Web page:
Mohawk Girls series tells stories of once 'voiceless' women
'I’m making a show about my own life,' says director Tracey Deer
The director behind a TV series being shot in Kahnawake says she wants to show Canadians what it means to be a Mohawk woman.
"I’m making a show about my own life, about my sister's life, my friends', my cousins'," says director Tracey Deer.
The series, Mohawk Girls, follows four young women who are searching for love as they struggle to find their place in the world.
"I grew up on the reserve feeling invisible, voiceless, in all aspects of my life — here on the reserve, out in the bigger world. I felt really boxed in," Deer says.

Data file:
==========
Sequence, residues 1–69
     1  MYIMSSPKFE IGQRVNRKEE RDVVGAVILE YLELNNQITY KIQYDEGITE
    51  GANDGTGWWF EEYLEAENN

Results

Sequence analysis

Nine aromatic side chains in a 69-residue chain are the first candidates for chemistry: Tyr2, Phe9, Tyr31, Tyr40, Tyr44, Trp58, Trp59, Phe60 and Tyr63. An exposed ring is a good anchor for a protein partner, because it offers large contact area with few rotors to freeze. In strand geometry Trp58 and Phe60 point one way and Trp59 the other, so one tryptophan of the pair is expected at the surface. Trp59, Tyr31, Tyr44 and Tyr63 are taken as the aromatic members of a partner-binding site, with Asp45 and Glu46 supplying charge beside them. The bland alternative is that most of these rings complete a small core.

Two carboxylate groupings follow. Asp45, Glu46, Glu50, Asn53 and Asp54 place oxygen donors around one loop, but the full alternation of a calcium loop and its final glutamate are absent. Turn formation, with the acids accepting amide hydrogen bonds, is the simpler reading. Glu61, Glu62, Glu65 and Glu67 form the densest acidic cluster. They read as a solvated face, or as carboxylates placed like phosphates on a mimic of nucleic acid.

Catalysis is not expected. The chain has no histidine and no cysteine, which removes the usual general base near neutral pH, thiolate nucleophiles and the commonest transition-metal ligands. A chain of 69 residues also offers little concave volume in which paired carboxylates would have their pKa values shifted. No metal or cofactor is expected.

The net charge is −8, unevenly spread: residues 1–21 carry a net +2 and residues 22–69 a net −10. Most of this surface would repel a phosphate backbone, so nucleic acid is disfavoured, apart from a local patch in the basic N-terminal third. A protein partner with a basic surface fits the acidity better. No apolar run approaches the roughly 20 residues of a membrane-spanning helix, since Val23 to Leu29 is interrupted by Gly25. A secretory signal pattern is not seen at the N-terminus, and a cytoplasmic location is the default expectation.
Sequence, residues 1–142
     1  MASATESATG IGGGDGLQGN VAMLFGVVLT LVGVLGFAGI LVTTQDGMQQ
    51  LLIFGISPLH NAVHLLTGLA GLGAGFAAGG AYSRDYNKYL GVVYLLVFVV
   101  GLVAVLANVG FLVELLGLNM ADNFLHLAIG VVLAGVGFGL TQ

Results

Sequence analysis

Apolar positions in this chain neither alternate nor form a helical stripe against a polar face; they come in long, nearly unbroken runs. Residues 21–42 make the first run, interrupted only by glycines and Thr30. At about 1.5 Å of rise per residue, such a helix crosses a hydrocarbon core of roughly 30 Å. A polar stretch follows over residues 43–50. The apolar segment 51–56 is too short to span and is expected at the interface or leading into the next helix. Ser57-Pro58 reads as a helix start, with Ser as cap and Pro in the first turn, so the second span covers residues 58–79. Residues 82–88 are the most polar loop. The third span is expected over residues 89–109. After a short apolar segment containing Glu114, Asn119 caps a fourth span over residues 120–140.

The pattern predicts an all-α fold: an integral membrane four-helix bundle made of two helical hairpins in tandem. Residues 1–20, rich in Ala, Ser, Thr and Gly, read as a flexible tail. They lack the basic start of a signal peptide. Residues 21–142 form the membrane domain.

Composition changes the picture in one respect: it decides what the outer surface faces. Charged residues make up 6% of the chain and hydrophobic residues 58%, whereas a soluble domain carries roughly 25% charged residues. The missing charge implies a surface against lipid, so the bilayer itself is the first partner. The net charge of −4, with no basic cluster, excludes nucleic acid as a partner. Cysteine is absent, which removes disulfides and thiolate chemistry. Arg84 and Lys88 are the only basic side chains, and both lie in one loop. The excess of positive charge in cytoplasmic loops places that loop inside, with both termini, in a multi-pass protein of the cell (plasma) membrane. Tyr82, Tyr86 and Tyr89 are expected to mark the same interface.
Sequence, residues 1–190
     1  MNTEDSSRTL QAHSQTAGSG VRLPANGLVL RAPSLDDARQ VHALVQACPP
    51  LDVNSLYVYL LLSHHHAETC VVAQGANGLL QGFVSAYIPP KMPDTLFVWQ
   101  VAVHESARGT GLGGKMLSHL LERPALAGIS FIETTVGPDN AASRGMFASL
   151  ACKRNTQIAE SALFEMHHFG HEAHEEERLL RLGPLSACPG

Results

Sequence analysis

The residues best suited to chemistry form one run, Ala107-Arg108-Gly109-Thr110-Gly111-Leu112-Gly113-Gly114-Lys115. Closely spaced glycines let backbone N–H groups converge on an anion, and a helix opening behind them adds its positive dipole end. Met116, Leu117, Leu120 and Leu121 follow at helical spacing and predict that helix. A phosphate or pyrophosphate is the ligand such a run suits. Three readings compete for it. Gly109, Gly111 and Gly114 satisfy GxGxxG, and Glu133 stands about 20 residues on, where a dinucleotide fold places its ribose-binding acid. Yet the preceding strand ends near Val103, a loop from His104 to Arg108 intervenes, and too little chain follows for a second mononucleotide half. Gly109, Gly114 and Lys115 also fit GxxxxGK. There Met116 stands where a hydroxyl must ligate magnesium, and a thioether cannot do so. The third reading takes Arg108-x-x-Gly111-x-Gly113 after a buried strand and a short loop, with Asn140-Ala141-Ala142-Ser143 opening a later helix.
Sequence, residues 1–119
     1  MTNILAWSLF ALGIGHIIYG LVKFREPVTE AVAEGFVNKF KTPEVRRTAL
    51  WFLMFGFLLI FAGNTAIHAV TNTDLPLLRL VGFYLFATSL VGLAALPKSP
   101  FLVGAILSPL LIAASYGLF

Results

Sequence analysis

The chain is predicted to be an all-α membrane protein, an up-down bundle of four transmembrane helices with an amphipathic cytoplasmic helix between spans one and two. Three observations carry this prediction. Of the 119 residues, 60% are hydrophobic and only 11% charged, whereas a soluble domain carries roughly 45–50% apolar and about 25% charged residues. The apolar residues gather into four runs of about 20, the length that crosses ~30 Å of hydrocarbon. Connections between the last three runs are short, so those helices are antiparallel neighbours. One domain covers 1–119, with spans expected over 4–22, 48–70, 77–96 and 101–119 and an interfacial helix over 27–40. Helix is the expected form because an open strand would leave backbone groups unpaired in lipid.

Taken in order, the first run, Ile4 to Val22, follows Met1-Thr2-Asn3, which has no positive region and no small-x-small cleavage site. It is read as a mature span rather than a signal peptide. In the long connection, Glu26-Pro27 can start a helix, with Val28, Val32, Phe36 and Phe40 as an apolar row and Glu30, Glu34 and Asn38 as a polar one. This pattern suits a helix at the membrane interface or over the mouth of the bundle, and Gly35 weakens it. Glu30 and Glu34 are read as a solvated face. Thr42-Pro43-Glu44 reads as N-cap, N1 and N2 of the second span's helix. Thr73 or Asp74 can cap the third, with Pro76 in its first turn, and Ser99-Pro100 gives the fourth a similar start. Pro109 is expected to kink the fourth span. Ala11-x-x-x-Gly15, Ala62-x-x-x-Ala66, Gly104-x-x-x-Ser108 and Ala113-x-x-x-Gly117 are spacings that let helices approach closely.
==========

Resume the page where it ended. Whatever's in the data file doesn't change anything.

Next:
Behind the scenes, the actors say they enjoy being a part of a project that reflects their real lives.
'We are not that different ... We all want to love and be loved.'—Heather White, actress
One of the story lines follows a romance between actress Jenny Pudavick and a non-Mohawk man.
"I fall in love with a white man and I want to travel and leave the reserve," Pudavick explains.
"You're not supposed to do that. You're supposed to stay and marry a Mohawk man and build the Mohawk nation."
Members of the cast and crew hope the show will help change mainstream perceptions about their community’s reality.
"We are not that different from the people that are ten minutes that way. We all want to love and be loved," says actor Heather White.
Mohawk Girls will be filming in Kahnawake for the next few weeks.
It is scheduled to air in 2014 on the APTN network.